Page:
We take great pride in our sports teams in Wisconsin, especially football. On Sundays, when I walk around in my Donald Driver jersey, people representing Rodgers, Raji, and Clay smile at me like we’re actual teammates. I worked during the Packers versus Rams game, so I wanted to read up on what I’d missed that Sunday. First reading the article, I thought, “Damn, the Packers are looking good,” but after analyzing it for class and thinking about the context in which it was written I realized the author couldn’t have possibly portrayed the green and gold in a bad light. The article is written at a 7.3 grade level, it uses more simple language, is very accessible, and includes quotes from players, but the most obvious thing about this writing making it Plain Style is its blatant biased.
Anybody can read this article. I was able to access the website easily. The language is not difficult to read. The author, Tom Oates, writes with a very conversational tone to get readers to invest in his writing. The opening sentence of the article is “It didn’t take guts for Aaron Rodgers to throw the punch that knocked out the St. Louis Rams.” Oates intends for his writing to be fun to read and easy for anybody to understand. I think most people could read it and understand the just, but people who don’t watch football or do but not the Packers, might not get some of the references being made. “He got the free snap and he got out of the pocket fairly quick to give himself some time and he delivered a strike...” The terms “snap” and “pocket” make this sentence difficult for non-football fans to decipher. Also, “strike” adds to the confusion, because it is usually a term used in baseball, calling for readers to have an understanding of both sports. A more simple translation for people that don’t follow football would be, “Rodgers got the ball, moved back to avoid being attacked by the other team, and threw a good pass to his teammate.”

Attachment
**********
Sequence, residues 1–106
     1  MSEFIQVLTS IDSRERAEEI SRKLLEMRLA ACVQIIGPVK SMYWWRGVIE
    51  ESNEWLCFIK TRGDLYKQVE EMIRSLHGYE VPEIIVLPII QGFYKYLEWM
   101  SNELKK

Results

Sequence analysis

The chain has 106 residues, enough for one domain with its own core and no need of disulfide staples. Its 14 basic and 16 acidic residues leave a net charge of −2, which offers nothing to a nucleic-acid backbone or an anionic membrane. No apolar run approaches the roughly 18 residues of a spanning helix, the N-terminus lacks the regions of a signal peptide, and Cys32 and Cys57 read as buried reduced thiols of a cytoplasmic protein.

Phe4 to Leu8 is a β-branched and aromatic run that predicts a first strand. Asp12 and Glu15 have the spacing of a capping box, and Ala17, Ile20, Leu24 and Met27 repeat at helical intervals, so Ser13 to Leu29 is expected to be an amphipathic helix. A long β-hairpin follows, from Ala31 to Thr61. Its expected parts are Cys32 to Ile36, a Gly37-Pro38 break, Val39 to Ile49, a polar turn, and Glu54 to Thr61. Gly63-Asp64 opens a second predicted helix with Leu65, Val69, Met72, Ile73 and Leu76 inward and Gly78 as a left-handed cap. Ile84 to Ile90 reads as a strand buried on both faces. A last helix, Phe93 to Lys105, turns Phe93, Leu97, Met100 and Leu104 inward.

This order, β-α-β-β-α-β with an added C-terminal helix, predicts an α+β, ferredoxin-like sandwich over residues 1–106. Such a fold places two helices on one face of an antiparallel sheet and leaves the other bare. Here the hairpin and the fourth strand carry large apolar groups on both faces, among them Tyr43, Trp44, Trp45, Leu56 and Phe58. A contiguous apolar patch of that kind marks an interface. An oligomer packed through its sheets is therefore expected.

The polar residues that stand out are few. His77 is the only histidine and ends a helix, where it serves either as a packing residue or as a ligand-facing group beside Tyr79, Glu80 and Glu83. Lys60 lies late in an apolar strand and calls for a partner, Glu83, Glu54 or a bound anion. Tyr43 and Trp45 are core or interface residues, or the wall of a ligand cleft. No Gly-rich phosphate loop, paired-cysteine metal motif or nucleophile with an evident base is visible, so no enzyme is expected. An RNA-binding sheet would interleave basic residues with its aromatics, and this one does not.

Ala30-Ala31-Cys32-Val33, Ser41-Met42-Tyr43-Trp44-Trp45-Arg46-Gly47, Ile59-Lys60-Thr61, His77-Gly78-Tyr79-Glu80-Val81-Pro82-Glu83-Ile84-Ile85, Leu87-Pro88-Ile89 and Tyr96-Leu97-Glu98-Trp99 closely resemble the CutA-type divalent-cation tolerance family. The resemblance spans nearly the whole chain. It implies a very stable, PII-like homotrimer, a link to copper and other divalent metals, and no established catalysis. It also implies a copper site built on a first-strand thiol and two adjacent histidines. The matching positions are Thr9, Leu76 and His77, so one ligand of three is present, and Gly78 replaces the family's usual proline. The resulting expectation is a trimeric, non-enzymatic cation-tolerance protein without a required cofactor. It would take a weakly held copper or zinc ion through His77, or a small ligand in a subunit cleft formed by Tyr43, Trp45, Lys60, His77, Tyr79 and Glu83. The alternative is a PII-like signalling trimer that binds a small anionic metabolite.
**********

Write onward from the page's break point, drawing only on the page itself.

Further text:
All of the quotes in the article are very informal. Because conversation is so instant, people talking don’t have time to edit what they are saying, so the reader gets a better picture of what the players and coach are really like. James Jones says little phrases such as “oh yeah” and “man” that written text doesn’t include. Instead of saying “I missed a couple throws,” Rodgers simplifies it to “Missed a couple throws..” When people are being interviewed they aren’t able to take the time to clean up their language like Tom Oates can clean up and remove unnecessary things from his writing. Plain Style can include these quotes because it is a less formal style of writing.
The text shows a great biased for the Green Bay Packers. Although the Rams are brought up in the article, this article is entirely written by a Packer fan for Packer fans about the Packers. Without the context of this newspaper and the author, it’s easy to believe that the Packers are on their way to clinching the Super Bowl this year. I love the Packers and Aaron Rodgers but this article is very overdone. It’s almost as if the author is trying hard to believe his words, using them as a comfort. The Packers are not performing as well as they should, and they are dealing with a lot of injuries. That’s the truth. I would never consider them out of the running for post season games, but they are not as Oates seems to be saying, the golden team run by the God Aaron Rodgers. As much as I want to believe that as I’m writing it, watching them proves that this is not entirely the case…though it’s probably fairly close. What? I may know how to critically analyze an article written in Plain Text, but I’m still from Wisconsin.